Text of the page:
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Each day brings fresh confirmation that giving away any information means you’re giving all of it away, thanks to algorithms that crunch your language use, purchasing habits, friend structure, and other bits of information.

Now “big data” can see inside your heart.

The latest offering from Facebook’s data-science team (see “What Facebook Knows”) teases out who is romantically involved with whom by examining link structures.  It turns out that if one of your Facebook friends—let’s call him Joe—has mutual friends that touch disparate areas of your life, and those mutual friends are themselves not extensively connected, it’s a strong clue that Joe is either your romantic partner or one of your closest personal friends.   Details can be found here.

The company says this could help them decide which posts to give extra prominence in news feeds. “If we can do a better job of identifying all the most important people in your life, there is a lot of opportunity to make Facebook better,” says Lars Backstrom, a data scientist at Facebook.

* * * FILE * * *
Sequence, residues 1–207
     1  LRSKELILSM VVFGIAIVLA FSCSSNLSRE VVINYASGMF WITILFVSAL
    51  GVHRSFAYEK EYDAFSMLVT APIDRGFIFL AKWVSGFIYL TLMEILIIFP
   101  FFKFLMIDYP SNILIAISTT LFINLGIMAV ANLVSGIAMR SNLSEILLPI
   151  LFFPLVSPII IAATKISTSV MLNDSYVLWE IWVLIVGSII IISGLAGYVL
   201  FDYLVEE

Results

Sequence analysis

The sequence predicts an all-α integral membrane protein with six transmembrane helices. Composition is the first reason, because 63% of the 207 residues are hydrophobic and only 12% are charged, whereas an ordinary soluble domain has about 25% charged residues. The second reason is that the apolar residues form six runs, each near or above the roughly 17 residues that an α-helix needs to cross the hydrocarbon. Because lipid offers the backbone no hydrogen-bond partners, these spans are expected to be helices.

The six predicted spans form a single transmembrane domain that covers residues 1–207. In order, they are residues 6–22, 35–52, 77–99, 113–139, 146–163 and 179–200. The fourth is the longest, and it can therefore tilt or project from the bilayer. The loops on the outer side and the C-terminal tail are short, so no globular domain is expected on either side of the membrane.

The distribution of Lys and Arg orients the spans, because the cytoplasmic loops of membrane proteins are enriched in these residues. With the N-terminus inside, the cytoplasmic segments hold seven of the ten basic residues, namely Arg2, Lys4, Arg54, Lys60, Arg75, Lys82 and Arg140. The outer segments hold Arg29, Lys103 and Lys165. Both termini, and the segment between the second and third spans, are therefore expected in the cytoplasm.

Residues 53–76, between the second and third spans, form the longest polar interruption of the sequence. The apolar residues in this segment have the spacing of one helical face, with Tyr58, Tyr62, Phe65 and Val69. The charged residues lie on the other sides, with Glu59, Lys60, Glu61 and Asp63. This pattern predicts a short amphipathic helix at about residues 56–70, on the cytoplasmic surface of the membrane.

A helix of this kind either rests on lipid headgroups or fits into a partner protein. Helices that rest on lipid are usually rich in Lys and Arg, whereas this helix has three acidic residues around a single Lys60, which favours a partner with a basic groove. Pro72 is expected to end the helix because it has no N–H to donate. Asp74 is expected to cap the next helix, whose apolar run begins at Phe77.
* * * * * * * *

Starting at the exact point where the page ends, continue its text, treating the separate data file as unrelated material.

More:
Surely, it will also be of value to Facebook’s advertisers.

The finding adds to the pile of other evidence of data-mining possibilities on Facebook.  A study this year by University of Cambridge researchers, using data from 58,000 volunteer U.S. Facebook users, found it could predict traits like race, sexuality, substance abuse, and parental separate, using Facebook “likes.”  And others are teasing out demographic cues such as gender and age from the kind of language you use (see “How Your Facebook Profile Reveals More About Your Personality Than You Know”).

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